"Joke, joke, joke; everything's a joke," said associate producer Brian Mayer after being teased by one of the hosts. Mayer's credits include "Temptation Island" and MTV's "The Real World."

The show has been compared to MTV's "Jackass," but Handfield argues, "It's more like 'Smartass'" because the hosts are genuinely funny and have great chemistry.

And for an idea of the crew's relationship, Gallant likens himself to Keith in the crew's version of the dysfunctional "Partridge Family."

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COURTESY KRISTY PINIOL / HAWAIIAN WATERS ADVENTURE PARK
Local contestants play video games for little glory, but lots of laughs.




As Gallant and Kagan rally their players, five crew members shuffle around mixing audio, holding lighting equipment and performing every other production detail.

"We're making broadcast-quality TV with 5 percent of the staff," Handfield said, "and you'll never know the difference."

Before sprinting to the top of the Cliffhanger at the water park, production assistant Michael Leffler said, "This is the only show I know of that you can be a producer and a cameraman at the same time."

Handfield acknowledges, "Our show is demanding," which is why you'll find "young, hungry and energetic" people on board.

The 20- to 30-year-old crew members and hosts mirror their 18- to 34-year-old male demographics, with six males and one female working the show.

And although it's not a prerequisite to play video games, most of the crew does, with a few serious gamers.

"It definitely helps" to have video game experience, said Handfield, who's been playing since childhood.

Gallant, who usually appears clean-cut and wholesome on "Animal Planet," is almost unrecognizable with his punky haircut, tanned body and punchy attitude.

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COURTESY KRISTY PINIOL / HAWAIIAN WATERS ADVENTURE PARK
"Game On" hosts Matt Gallant, left, and Randy Kagan, cheer on one of the contestants in a game that involved virtual fighting. She's gauging her performance on a video screen.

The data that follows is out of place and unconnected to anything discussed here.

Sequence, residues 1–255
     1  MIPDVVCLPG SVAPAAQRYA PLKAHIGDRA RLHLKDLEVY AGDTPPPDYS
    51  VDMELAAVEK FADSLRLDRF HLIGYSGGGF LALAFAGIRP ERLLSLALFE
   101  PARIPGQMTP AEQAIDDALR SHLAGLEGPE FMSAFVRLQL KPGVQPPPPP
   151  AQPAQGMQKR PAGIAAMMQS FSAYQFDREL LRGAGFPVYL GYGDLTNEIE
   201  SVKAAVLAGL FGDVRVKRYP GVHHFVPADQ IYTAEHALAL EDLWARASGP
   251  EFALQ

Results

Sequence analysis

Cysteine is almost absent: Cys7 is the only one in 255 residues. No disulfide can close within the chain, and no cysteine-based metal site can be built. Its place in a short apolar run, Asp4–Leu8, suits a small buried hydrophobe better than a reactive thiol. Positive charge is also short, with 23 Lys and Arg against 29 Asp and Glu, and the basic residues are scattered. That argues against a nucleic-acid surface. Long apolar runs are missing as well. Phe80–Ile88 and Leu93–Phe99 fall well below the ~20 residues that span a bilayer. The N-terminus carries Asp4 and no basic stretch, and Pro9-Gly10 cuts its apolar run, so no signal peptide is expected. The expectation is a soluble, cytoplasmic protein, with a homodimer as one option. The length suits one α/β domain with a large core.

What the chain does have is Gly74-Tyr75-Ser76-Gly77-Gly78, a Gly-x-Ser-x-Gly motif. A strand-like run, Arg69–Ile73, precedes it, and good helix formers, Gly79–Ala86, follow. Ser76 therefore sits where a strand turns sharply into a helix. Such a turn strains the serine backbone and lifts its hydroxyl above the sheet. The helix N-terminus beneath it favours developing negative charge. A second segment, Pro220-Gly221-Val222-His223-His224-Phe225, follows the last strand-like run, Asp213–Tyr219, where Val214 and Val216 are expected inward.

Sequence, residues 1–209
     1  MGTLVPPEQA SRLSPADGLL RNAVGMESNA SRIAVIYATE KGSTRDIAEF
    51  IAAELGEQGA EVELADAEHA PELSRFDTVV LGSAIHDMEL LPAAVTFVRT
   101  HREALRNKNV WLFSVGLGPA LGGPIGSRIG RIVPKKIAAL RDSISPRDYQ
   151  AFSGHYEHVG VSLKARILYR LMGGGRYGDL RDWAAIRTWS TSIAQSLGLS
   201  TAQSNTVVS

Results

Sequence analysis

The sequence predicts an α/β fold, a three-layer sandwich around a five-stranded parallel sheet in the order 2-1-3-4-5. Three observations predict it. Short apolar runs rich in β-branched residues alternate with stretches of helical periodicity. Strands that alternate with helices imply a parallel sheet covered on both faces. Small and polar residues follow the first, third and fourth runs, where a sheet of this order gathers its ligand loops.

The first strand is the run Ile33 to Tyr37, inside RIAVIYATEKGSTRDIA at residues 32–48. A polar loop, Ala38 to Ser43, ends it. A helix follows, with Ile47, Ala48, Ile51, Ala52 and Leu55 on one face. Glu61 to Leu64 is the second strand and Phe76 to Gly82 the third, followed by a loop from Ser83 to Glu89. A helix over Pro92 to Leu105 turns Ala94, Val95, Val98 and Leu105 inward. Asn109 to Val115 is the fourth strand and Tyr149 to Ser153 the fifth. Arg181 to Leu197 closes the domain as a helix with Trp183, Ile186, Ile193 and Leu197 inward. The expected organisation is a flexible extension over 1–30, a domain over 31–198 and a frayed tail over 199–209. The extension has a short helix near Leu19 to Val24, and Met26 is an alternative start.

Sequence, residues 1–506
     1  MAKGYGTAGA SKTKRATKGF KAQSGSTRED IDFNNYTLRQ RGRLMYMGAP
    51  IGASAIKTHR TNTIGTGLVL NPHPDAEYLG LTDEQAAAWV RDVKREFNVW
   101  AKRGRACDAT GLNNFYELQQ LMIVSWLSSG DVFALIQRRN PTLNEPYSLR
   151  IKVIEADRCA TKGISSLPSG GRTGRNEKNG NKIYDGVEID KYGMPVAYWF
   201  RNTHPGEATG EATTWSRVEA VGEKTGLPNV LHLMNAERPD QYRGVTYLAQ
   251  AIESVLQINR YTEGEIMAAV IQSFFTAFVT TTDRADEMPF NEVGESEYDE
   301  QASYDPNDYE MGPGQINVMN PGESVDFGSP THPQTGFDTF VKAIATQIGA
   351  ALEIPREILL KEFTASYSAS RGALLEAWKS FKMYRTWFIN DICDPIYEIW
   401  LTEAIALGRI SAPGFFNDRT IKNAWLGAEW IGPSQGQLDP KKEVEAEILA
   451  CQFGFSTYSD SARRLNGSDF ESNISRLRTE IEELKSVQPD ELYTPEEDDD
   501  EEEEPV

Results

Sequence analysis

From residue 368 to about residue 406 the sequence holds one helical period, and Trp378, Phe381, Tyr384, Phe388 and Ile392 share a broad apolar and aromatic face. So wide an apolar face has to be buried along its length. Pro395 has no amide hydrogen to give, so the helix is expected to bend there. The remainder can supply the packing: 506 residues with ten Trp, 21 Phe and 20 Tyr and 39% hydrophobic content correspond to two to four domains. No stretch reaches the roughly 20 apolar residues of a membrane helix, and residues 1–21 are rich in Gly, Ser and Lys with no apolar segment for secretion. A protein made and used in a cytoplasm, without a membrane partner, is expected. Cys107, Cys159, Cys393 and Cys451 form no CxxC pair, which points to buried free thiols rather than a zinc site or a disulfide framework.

"I can be edgier on this show," he said. Still working with "Animal Planet," which involves in-studio filming, Gallant said he likes the opportunity to interact with people on "Game On."

Gallant said it took months for him and Kagan to be chosen. The two never met before the show's auditions when they were paired up and deemed a match.

"Two weeks with this guy, and I have to go into rehab," Gallant said of Kagan. But on a rare serious note, Gallant said he would not do the show without Kagan. "He's quick and he's funny ... superfunny."

Handfield, who helped choose the hosts, said, "I knew what a pain in the ass they'd be to work with, but they're funny."

Although some of the show is scripted, most of it involves on-the-spot ad-libbing.

"That's why they hired us," Kagain said. "We always have something to say."

A host, stand-up comic and producer, Kagan said he enjoyed hiking and bird-watching on this trip. "This island is so beautiful," he said, as this was the first time in Hawaii for both hosts. "I wouldn't call this work," he said.

Handfield and production associate Nicki La Rosa have Hawaii ties: Handfield's girlfriend was born and raised in Hawaii, and La Rosa lived in Makiki for more than a year.

La Rosa, who was a film producer for "Matrix II" and "III," said "Game On: Hawaii" will "bring aloha back to the mainland."

Handfield said the show "definitely highlighted (Hawaii) as a fun place to be."

Highlights for Gallant were the presence of "hula girls and more hula girls," he said.

Hans Heidemann taught the two to surf, and Kagan stood up on his first wave. Never mind that the board was the size of a refreshment stand, according to the crew.

Being on the road with the same crew for days on end, Handfield said they're in each other's faces for hours. Still, "We get along really well," he said, and he already has plans for the neighbor islands. "We'd love to come back here," he said.